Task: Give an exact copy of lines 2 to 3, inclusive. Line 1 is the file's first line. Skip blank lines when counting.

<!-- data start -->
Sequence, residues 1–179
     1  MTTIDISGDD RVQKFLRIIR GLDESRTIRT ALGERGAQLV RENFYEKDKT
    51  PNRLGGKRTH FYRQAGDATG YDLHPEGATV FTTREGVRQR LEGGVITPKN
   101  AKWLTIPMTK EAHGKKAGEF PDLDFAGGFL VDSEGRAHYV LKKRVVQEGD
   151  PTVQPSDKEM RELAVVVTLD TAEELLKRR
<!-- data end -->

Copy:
     1  MTTIDISGDD RVQKFLRIIR GLDESRTIRT ALGERGAQLV RENFYEKDKT
    51  PNRLGGKRTH FYRQAGDATG YDLHPEGATV FTTREGVRQR LEGGVITPKN